Fattoush Salad

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Happy Friday, y’all! Wow, it has been quite a week of dessert recipes here on The Texan New Yorker. Now I’m feeling somewhat obligated to close out the week with a salad, just to rebalance my nutrition karma.

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Fattoush is a wonderful salad for many reasons, not the least of which is that it’s such a fun word to say aloud. Try it – fattoushhhh…. Yeah, it’s greatness. Anywho, fattoush is a Middle Eastern version of the Italian panzanella – bread salad. But the bread here is pita chips, which makes it all the more awesome.

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The pita chips provide a satisfying crunch against the flavorful dressing and wholesome vegetables and salty feta. Matt and I both really enjoyed this one.

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A few notes: I would highly encourage making your own pita chips, and I’ve written the recipe this way. It’s very easy, mostly hands-off, and I’ve never found a store-bought brand that even remotely rivals homemade. Secondly, there is one possible unusual ingredient in the salad dressing – pomegranate molasses. If you can find it, get it and use it, it’s delicious. If you can’t find it, you can make your own by boiling down pomegranate juice until it’s a syrup consistency; or you could just substitute balsamic vinegar. Either way, it’s delicious. Enjoy!

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Source: adapted from Keys to the Kitchen by Aida Mollenkamp

Ingredients:
PITA CHIPS:
2 pita breads
Olive oil
Kosher salt and black pepper
VINAIGRETTE:
2 tbs olive oil
1 medium shallot, minced
2 tsp ground sumac
1 tbs honey
2 tsp pomegranate molasses (or balsamic vinegar)
¼ cup red wine vinegar
Kosher salt and black pepper
SALAD:
8 oz. romaine hearts, chopped or torn into bite-size pieces
1 plum tomato, seeded and roughly chopped
1 medium cucumber, halved lengthwise, seeded and chopped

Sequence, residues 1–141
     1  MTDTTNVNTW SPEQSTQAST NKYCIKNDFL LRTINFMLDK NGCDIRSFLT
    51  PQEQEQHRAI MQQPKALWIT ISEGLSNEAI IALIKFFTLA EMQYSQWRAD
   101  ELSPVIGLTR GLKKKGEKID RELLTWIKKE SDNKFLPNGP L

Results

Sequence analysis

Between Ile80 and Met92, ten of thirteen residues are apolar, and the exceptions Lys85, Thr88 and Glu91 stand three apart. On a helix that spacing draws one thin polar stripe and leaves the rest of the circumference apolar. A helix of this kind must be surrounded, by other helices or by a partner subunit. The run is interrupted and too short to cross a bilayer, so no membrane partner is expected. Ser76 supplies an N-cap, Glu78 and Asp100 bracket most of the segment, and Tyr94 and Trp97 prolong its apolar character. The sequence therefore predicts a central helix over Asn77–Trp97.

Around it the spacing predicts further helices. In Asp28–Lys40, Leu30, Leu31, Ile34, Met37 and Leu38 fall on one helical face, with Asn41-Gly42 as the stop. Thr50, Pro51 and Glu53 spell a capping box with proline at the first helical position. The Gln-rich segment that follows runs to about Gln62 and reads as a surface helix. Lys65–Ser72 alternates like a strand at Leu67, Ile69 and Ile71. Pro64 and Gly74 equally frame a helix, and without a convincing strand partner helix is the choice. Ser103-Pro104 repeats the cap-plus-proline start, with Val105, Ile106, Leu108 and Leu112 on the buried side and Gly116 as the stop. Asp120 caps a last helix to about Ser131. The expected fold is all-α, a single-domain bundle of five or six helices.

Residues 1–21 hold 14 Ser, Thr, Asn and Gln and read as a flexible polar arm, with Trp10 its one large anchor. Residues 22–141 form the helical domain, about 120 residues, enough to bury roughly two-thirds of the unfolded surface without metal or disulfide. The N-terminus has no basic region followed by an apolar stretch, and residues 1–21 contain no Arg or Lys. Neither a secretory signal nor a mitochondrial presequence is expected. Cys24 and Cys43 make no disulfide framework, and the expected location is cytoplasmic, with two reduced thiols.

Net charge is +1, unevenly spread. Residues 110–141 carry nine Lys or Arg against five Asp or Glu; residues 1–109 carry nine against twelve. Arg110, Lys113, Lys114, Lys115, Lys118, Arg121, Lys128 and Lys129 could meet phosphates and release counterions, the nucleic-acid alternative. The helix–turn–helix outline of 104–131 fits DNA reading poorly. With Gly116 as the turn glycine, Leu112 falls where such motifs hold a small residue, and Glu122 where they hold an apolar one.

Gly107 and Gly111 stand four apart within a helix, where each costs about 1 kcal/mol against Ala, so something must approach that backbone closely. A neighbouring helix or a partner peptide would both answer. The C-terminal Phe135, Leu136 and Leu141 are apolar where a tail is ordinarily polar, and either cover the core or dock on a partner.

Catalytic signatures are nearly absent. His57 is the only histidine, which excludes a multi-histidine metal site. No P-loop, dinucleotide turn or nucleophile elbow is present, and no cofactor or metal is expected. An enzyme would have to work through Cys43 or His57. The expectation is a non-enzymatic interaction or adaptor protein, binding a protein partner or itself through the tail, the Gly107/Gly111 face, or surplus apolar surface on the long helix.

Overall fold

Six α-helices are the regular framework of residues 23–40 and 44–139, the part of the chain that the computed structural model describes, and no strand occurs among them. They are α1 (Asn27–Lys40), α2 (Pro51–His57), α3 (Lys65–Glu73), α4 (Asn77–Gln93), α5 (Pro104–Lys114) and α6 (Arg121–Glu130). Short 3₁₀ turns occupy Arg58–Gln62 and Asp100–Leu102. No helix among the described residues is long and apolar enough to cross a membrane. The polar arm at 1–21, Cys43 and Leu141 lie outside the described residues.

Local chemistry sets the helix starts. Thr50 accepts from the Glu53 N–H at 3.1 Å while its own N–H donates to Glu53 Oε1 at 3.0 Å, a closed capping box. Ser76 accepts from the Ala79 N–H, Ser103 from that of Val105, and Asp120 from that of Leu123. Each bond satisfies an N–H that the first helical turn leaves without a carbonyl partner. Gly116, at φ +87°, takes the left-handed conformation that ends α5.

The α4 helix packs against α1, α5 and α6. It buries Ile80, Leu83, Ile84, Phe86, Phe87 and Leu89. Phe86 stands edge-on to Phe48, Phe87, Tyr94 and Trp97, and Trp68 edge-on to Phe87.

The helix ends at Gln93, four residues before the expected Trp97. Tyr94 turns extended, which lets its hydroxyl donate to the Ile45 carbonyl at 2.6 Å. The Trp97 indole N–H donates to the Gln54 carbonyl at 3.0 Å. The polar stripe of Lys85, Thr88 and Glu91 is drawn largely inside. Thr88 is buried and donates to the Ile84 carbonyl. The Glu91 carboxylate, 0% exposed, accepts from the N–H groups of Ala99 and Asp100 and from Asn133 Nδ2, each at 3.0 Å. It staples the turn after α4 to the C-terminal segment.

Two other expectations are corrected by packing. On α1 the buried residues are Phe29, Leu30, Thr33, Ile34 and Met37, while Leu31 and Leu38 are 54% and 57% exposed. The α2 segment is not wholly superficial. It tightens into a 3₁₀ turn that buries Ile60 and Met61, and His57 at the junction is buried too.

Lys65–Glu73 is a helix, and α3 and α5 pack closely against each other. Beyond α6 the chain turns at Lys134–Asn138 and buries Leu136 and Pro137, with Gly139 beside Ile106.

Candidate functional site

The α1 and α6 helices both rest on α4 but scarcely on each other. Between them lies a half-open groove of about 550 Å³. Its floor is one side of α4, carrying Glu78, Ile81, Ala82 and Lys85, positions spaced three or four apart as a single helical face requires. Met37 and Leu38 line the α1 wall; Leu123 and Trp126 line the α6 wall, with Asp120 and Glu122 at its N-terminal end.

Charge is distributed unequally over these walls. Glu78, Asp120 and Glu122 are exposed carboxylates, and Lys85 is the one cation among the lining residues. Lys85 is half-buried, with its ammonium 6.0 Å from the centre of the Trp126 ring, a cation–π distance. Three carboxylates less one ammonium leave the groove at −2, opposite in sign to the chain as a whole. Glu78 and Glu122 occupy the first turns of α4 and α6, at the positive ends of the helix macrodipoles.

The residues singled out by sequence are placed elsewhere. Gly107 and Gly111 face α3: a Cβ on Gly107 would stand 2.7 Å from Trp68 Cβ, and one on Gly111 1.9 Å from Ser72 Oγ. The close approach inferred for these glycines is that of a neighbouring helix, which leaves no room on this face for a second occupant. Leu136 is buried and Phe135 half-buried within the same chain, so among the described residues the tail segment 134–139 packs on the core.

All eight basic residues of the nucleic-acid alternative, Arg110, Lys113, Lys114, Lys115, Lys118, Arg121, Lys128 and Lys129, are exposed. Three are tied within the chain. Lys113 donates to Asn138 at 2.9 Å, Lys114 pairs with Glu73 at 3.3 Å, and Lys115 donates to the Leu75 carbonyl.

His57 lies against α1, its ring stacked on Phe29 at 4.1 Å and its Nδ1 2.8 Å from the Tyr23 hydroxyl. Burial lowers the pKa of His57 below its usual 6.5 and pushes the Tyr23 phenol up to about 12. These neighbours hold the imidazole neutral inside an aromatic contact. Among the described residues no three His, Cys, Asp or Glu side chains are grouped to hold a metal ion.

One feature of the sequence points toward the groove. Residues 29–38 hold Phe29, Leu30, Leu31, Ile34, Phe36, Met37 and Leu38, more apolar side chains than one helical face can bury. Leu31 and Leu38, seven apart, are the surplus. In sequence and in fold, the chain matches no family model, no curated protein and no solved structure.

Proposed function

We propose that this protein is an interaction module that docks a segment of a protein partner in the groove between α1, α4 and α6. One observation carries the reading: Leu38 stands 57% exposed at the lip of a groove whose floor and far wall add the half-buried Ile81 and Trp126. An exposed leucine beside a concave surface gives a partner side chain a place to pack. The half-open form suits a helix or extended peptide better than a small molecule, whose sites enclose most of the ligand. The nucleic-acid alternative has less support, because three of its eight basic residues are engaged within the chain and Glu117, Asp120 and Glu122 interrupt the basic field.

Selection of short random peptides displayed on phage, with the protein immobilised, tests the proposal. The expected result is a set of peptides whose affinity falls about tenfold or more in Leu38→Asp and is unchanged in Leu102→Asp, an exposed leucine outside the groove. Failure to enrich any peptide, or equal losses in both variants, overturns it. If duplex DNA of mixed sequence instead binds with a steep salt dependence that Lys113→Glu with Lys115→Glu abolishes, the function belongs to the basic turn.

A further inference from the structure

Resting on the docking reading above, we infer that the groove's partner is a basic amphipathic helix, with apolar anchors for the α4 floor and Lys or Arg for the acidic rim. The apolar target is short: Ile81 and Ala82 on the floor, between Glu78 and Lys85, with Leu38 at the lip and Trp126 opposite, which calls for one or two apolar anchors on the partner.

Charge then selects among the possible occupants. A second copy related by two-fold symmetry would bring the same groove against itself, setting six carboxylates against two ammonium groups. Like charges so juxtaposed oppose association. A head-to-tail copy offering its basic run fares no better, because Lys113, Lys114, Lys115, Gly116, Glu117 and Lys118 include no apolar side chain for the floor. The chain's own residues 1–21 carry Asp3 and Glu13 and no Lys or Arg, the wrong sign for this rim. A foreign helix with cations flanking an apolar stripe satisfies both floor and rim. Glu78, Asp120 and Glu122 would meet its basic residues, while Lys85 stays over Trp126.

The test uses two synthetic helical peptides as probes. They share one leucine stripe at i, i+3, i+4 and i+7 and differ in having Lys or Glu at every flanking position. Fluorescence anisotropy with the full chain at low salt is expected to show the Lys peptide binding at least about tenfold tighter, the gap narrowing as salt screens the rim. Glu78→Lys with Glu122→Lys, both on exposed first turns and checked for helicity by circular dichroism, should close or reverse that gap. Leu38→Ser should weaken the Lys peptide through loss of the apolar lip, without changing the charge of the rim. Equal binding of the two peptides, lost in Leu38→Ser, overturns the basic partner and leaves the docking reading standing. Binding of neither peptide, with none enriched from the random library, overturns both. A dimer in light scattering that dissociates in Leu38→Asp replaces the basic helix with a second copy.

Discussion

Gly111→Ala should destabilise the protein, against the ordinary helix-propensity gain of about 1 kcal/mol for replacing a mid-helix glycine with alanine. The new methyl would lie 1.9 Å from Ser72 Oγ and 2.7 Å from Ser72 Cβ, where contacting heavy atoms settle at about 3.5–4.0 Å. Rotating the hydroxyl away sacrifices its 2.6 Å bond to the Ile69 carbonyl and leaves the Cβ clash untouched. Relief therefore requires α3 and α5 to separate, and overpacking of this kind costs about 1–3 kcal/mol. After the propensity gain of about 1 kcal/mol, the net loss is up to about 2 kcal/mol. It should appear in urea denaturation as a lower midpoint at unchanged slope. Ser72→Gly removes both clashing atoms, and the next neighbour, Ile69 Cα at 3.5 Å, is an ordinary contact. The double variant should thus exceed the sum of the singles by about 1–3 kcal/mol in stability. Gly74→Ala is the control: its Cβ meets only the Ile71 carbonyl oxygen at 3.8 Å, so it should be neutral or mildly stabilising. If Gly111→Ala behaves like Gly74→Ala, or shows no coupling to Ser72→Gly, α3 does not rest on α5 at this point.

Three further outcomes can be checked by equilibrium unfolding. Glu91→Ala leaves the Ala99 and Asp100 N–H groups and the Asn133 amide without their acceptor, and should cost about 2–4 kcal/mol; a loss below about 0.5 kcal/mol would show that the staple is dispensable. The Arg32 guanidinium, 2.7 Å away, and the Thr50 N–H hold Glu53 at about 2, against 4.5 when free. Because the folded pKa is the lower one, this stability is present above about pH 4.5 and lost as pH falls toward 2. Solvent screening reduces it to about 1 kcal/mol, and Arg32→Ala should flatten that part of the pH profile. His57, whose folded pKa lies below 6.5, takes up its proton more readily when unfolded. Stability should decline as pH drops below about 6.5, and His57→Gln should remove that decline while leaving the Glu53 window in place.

¼ cup roughly chopped fresh mint leaves
2 tbs roughly chopped fresh flat-leaf parsley
3 oz. crumbled feta

Directions:
First, get going on the pita chips. Preheat your oven to 400 F. Cut each pita into 8 equal wedges. Drizzle some olive oil on a baking sheet. Lay the pita wedges on the baking sheet in a single layer. Drizzle with a little more olive oil, then sprinkle with salt and pepper. Use your hands to loosely toss the wedges so they are all evenly coated with salt, pepper and oil. Spread them back out into a single layer.
Bake for 12 to 15 minutes, until browned and crisp. You know they are done when you can tap a wedge with your fingertip and feel crispness and now sponginess. Remove from the oven and allow to cool until you can handle them.
Make the vinaigrette: in a small bowl, vigorously whisk all the ingredients together. Let it sit for 5 minutes to allow the flavors to marry.
Make the salad: place the lettuce in a large salad serving bowl, then scatter the tomato, cucumbers, mint and parsley over top. Drizzle the vinaigrette over top, then top with the feta. Crumble the pita chips over top. Toss all together and serve.

6 responses to “Fattoush Salad

  1. Julie,

    The salad sounds interesting and sort of Greek/Middle Eastern in nature. Most folks have become accustomed to pita by now, but I’m wondering how many actually are aware of the pomegranate molasses and sumac. I found sumac a couple of years ago in a recipe for lamb kebabs, but now I mostly use it in my hummus along with some z’atar. The fresh market near me or Whole Foods should have the pomegranate molasses and I will give it a try. Tomorrow should be a good day for some yard work , and the salad should make a great lunch with some leftover grilled chicken. Thanks for the idea. Hope you and your furry babies have a great mother’s day.

    • Texan New Yorker

      Hi Patricia! Hope you had a wonderful Mother’s Day. I love the idea of sumac and z’aatar in hummus! Awesome. I hope you enjoyed the salad (if not the yard work, lol!). 🙂

  2. Fattoush! That’s why I have sumac in my spice drawer! I remember reading a recipe for it a long time ago, and recently buying sumac even though I couldn’t remember which recipe I was supposed to use the sumac in. Now I know.

    Thanks, Julie!

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